Is Marriott’s Renaissance Hotels trying to be the next Yelp? To increase its social quotient, the hotel chain is letting locals participate in its Navigator program, Renaissance’s take on the hotel concierge. Tipsters who are so inclined can add their favorite haunts to the hotel’s online database of restaurants, services, stores and entertainment culled by hotel-trained ambassadors, who are called navigators.
Launched in May, the Navigator program aims to turn the concierge into a high-profile, social-savvy brand ambassador who gives a human face to each hotel property.
In October, the public was invited to post their local suggestions on Twitter and Instagram via #Rdiscovery. Hundreds of tips have been posted so far, and this month the company will begin running promotions inside the hotels themselves to encourage more participation. Navigators will highlight some alongside their own tips, said Dan Vinh, vp, global marketing. “We realize many people like to be in the know, and they want to share our soapbox to a global audience.”
Most other lifestyle hotel chains give only general listings about the local area on their sites and social media. But Marriott has learned that putting personal favorites from locals online makes the content easily sharable and spreads the brand’s message of discovery across social media.
“Initially, we picked navigators because they are really excited about their city and want to show it off,” said Amy Sherman, vp of digital. “Now we also want them to have a robust social media following.”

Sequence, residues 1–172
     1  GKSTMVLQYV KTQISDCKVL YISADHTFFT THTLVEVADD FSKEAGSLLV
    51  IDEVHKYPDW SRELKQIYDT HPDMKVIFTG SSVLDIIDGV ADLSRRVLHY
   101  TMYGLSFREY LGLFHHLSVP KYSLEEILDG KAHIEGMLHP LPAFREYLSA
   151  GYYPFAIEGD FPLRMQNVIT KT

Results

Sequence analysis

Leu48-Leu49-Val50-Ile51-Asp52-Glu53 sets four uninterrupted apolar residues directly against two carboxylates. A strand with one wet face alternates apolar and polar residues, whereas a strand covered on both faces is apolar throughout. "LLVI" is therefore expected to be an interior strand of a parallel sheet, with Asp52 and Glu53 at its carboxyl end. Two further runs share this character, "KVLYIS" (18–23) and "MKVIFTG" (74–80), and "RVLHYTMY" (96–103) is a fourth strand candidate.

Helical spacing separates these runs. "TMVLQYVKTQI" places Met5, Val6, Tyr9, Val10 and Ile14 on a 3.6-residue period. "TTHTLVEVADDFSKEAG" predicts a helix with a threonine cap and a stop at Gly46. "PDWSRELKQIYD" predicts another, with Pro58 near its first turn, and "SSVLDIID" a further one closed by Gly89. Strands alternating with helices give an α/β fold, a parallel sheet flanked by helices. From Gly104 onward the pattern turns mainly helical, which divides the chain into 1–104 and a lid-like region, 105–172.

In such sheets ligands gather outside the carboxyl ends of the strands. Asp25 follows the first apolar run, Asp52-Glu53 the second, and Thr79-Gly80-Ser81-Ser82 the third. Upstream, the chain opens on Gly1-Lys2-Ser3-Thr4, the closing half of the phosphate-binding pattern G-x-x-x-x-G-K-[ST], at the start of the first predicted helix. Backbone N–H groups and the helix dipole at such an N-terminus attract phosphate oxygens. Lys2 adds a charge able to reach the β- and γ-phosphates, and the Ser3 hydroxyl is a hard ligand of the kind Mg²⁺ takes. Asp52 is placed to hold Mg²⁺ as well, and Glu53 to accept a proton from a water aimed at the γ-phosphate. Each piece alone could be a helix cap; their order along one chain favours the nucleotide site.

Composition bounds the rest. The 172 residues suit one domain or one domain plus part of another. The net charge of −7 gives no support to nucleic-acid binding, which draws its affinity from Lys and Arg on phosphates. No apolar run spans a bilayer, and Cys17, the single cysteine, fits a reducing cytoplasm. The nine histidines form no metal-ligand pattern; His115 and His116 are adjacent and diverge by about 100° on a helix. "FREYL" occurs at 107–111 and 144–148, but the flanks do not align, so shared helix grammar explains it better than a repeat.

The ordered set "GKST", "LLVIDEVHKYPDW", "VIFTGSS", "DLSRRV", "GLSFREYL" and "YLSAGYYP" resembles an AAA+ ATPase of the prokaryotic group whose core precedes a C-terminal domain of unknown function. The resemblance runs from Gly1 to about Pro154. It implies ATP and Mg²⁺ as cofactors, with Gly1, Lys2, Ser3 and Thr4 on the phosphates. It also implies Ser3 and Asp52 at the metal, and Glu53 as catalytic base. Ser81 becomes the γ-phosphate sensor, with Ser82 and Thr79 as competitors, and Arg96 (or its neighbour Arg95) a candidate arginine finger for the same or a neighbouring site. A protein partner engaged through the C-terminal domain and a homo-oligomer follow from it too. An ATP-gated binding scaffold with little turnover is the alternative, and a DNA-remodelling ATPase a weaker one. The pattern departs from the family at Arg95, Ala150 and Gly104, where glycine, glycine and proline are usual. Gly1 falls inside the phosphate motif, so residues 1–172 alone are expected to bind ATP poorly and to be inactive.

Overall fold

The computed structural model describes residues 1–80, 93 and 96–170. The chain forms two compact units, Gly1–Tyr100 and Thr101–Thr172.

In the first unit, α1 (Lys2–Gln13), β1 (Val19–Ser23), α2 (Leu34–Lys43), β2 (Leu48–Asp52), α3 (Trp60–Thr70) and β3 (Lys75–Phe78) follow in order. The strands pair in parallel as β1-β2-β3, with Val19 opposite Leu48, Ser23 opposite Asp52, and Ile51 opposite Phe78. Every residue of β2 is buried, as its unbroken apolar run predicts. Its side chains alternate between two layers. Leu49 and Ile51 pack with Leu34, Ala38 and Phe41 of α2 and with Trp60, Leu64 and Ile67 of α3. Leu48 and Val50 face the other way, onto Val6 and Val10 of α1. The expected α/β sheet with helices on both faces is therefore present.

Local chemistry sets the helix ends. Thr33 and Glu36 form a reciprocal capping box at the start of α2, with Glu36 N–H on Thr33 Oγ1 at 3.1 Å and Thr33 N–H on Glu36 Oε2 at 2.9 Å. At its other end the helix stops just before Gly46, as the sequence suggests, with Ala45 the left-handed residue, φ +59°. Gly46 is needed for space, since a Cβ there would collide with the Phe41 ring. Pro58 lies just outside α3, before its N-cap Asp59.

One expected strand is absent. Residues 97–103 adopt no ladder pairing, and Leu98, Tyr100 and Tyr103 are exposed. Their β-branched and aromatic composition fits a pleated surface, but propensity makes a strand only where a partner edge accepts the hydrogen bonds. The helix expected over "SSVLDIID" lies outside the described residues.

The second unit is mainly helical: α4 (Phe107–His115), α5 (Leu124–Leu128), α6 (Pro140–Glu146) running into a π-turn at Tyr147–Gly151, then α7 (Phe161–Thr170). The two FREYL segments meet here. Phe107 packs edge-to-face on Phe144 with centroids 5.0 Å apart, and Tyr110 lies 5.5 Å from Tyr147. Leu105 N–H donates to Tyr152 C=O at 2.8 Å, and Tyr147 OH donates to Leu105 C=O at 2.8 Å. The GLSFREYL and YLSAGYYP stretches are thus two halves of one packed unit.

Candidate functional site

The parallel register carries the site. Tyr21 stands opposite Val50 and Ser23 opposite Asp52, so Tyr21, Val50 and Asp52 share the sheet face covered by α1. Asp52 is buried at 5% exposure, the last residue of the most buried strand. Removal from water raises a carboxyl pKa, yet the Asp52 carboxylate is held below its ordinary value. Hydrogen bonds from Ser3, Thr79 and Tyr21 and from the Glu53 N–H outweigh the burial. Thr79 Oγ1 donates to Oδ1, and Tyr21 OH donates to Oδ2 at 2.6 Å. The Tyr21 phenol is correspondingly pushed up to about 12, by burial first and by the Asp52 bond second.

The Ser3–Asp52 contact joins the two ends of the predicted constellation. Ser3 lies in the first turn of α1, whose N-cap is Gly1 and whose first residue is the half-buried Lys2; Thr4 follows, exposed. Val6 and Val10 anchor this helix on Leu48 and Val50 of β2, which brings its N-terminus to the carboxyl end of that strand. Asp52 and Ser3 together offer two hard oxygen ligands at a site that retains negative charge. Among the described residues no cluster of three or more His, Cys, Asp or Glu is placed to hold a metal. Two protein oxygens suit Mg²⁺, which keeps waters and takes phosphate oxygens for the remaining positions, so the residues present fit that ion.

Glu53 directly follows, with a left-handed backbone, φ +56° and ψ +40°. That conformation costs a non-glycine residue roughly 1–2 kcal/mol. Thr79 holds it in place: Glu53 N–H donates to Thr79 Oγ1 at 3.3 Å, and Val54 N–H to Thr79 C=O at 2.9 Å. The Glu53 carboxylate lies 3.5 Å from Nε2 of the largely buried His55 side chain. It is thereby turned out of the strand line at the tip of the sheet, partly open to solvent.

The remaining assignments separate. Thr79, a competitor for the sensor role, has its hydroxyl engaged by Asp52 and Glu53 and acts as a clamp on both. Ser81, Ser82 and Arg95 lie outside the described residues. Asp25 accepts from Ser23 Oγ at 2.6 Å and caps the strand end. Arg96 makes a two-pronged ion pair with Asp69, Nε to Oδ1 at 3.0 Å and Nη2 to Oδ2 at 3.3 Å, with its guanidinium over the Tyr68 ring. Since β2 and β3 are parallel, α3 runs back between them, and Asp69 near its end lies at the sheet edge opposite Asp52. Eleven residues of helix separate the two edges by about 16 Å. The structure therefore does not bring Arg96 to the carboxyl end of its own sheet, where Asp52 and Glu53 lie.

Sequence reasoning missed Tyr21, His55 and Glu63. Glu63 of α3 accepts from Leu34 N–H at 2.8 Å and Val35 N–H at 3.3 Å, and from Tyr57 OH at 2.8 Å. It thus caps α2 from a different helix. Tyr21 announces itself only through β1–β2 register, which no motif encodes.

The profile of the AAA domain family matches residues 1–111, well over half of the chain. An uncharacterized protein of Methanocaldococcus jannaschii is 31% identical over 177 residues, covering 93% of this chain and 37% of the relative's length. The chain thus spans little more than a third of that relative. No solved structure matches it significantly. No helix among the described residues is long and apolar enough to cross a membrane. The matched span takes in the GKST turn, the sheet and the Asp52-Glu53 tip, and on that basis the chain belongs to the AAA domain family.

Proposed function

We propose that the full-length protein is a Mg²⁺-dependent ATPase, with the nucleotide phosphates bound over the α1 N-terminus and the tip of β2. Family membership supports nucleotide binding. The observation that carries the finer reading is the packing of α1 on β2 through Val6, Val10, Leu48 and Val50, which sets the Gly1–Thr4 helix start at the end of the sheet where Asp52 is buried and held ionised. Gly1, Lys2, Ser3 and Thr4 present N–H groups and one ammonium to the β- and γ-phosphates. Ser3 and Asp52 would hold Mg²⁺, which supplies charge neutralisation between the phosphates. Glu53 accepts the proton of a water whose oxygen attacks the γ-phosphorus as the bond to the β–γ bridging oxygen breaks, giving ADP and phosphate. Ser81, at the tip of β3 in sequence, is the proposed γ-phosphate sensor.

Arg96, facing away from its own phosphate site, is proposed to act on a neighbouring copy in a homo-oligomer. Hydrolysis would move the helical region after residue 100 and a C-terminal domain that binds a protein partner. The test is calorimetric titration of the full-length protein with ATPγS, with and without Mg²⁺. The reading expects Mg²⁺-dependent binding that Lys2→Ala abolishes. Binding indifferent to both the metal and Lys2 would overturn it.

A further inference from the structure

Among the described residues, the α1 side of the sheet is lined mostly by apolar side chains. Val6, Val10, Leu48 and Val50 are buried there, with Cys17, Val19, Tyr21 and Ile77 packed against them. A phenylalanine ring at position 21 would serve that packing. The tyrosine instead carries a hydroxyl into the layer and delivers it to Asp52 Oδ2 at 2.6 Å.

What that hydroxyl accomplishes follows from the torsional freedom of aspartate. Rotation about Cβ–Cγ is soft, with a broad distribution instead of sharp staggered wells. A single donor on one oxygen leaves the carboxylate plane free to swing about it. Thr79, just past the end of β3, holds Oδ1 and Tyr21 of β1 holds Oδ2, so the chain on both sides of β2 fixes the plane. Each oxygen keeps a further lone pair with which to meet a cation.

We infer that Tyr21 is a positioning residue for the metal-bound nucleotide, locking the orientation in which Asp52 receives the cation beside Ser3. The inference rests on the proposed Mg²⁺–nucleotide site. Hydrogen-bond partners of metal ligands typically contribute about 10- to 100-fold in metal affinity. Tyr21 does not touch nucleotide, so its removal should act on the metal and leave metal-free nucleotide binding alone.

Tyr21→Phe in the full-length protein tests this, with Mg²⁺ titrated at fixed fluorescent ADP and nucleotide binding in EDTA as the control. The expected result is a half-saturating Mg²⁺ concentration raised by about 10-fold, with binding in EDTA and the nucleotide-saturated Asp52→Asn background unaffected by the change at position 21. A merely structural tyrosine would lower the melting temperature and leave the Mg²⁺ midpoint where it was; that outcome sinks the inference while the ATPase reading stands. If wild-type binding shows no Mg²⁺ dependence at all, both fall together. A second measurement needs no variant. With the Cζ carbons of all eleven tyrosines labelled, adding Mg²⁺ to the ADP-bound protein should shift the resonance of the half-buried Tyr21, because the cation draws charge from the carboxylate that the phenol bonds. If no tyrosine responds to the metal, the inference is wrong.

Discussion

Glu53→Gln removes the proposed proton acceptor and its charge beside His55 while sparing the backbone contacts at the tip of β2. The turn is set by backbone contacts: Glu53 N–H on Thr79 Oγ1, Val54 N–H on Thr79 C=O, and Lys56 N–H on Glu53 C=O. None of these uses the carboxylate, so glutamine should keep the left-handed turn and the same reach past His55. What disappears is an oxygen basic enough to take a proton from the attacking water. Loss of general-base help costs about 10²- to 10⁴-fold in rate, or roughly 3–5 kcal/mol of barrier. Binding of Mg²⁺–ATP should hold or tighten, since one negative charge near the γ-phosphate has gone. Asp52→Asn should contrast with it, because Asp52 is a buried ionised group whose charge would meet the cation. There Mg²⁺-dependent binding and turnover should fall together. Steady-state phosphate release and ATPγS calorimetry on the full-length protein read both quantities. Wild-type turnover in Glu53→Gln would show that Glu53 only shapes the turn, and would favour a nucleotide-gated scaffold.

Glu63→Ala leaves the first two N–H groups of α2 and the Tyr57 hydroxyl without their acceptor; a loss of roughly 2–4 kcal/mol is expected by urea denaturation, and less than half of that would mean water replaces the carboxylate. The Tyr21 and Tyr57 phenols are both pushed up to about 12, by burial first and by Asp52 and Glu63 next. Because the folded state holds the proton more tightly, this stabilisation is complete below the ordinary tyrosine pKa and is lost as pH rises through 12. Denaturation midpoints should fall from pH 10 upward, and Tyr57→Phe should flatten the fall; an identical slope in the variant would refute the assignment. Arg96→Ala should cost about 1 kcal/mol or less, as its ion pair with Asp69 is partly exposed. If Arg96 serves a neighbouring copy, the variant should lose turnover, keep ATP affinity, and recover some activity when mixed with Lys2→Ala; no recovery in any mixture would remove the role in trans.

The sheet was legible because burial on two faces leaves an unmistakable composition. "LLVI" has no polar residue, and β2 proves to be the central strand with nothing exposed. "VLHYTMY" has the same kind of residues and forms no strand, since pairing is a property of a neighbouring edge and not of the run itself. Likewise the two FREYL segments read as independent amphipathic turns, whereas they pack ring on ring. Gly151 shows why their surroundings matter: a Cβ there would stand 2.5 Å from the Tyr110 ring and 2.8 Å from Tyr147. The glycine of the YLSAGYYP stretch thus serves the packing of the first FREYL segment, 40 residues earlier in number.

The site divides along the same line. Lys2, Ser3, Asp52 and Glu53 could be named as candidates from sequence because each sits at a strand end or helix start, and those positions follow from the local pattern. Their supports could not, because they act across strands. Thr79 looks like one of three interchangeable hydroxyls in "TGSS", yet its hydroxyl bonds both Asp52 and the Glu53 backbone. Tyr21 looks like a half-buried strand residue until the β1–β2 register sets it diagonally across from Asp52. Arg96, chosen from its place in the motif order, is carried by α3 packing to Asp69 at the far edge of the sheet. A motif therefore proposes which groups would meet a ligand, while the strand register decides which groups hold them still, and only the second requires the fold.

The Navigator program rolled out with a site redesign and the global digital and print ad campaign “Live Life to Discover” by Anomaly. Since then, traffic to the hotels’ websites increased 82 percent in the third quarter compared to the second quarter, Sherman said. From May to mid-December, the number of Facebook likes exploded from 40,000 to about 303,000 while Twitter followers swelled from 5,000 to 28,000, she said.
Each of the 155 hotels in the chain has a lead navigator who is stationed at an advice desk in the hotel lobby and shares local tips on the hotel’s website and social media channels. Online, there’s a photo and profile of the navigator alongside listings of his or her favorite local establishments and events.
At Renaissance Chicago Downtown, for instance, the navigator is Ikram Barakat, who was born in Morocco, raised in Paris and has lived in Chicago for about 15 years. For “kitschy coffee,” she recommends a cafe called Intelligentsia.
The most popular category for Navigator tips is food. “Our guests often want to discover things in the area, and they are interested in the point of view of a trusted discovery partner, who are the navigators,” said Vinh. “Subjective information is more important to them than comprehensive. We aren’t trying to replace Yelp or Zagat.”